Last October, China’s central economic planner, the National Development and Reform Commission (NDRC), included data centres as a key sector for future energy conservation and carbon reduction works for the first time, alongside eight traditional industries including power, steel and construction.

The NDRC ordered that the average power usage effectiveness (PUE) ratio of new large and mega-sized data centres should be reduced to below 1.3, with some below 1.25 by 2025. An ideal PUE ratio of 1.0 indicates that 100 per cent of a facility’s power is delivered to the computing equipment, though it does not speak to a facility’s overall power usage.

In August, seven state agencies including MIIT and NDRC jointly issued another plan targeting the information and telecommunication industry’s low-carbon development, ordering the energy efficiency of 5G base stations to be improved by more than 20 per cent by 2025.

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The MIIT’s Huang touted progress on both 5G efficiency and PUE at last month’s briefing, and the policy pronouncements are also motivating companies in the sector to act.

“We’re seeing a sense of urgency by operators across the industry to reduce the impact of their operations on the environment,” said TJ Faze, head of ESG strategy and engagement at Vertiv, a maker of data-centre equipment, in a statement on Monday. “The focus on operational efficiency has enabled significant improvements, but now new strategies and more intelligent systems are required to drive down emissions and water use as the industry continues to grow.”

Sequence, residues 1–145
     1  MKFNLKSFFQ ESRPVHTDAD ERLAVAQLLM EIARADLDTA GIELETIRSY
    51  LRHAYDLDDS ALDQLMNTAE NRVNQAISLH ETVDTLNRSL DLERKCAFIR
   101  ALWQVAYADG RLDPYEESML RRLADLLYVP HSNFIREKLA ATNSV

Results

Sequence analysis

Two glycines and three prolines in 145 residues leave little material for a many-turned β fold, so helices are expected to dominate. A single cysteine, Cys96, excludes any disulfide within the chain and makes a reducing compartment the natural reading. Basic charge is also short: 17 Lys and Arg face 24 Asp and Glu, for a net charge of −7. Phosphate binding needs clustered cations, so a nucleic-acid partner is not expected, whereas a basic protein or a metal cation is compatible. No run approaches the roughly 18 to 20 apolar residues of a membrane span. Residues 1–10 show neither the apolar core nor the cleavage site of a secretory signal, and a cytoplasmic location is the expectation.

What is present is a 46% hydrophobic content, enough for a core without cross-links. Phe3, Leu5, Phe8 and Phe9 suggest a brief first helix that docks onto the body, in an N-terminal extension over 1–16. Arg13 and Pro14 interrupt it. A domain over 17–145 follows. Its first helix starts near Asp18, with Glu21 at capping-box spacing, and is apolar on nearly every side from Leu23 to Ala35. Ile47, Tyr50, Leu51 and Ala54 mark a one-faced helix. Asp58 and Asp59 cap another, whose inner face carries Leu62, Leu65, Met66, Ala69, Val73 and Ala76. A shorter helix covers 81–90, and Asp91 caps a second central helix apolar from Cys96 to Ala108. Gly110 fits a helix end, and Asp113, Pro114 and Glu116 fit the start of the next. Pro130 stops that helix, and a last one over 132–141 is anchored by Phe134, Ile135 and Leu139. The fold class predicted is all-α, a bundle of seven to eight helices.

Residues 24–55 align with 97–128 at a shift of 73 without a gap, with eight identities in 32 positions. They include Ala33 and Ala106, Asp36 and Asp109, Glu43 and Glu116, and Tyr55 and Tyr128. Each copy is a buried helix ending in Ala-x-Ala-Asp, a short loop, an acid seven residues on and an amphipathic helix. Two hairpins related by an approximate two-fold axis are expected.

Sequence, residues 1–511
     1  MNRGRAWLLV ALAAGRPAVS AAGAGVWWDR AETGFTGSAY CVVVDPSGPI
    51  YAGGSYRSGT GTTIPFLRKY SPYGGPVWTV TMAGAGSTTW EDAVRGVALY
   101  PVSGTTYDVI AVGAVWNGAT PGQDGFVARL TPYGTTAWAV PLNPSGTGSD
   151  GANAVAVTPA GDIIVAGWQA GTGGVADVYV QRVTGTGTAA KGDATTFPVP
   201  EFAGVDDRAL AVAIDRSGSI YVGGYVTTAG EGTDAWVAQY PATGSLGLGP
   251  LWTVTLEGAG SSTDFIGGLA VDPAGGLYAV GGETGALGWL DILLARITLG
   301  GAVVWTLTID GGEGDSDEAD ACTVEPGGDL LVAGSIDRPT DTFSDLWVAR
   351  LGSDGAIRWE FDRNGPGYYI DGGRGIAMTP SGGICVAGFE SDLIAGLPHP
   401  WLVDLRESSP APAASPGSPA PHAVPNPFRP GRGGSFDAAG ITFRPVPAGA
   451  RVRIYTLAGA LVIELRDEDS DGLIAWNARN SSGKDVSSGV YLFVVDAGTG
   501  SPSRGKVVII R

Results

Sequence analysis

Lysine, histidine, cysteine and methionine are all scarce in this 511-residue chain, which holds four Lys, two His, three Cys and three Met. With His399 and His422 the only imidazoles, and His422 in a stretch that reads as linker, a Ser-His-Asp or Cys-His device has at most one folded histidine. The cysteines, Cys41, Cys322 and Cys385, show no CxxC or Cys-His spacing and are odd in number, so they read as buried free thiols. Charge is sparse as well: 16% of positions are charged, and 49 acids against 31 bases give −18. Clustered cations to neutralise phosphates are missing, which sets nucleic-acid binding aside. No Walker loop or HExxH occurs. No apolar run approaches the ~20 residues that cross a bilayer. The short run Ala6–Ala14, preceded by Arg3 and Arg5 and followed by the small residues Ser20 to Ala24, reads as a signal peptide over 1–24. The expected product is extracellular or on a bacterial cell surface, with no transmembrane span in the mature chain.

Chayora has just signed an agreement with Goldwind, China’s largest wind turbine manufacturer, to provide up to 60 megawatts of wind power for its Tianjin campus, and is planning a similar agreement for its campus in Shanghai, according to Berney.

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Highlander, a Shenzhen-listed maritime tech firm, is building an undersea data centre for commercial use in southern Hainan province. Slated for completion in 2025, the facility will take advantage of the consistently cool seawater to cut cooling costs.

In data transmission networks, Chinese telecoms giant ZTE released in February its GreenPilot solution to help reduce mobile network energy consumption through the use of solar panels, lithium batteries and artificial intelligence.

A major challenge for the greening of digital infrastructure remains its access to China’s renewable-energy supply, according to Chayora’s Berney.

China had the world’s largest renewable generation capacity in 2021, yet renewables accounted for less than 3 per cent of its total electricity consumption.

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“One of the big opportunities in China is how we can tap into that renewable power source that’s available but is underutilised right now,” he said.

Making use of renewable capacity requires a higher degree of intelligence and digitisation within the power grid itself, said Chen Zhiping, vice-president and spokeswoman at ZTE.

“On the other hand, the digital infrastructure can also work as an enabler of the power sector to make a smart transformation and help provide more green energy to the grid,” she said.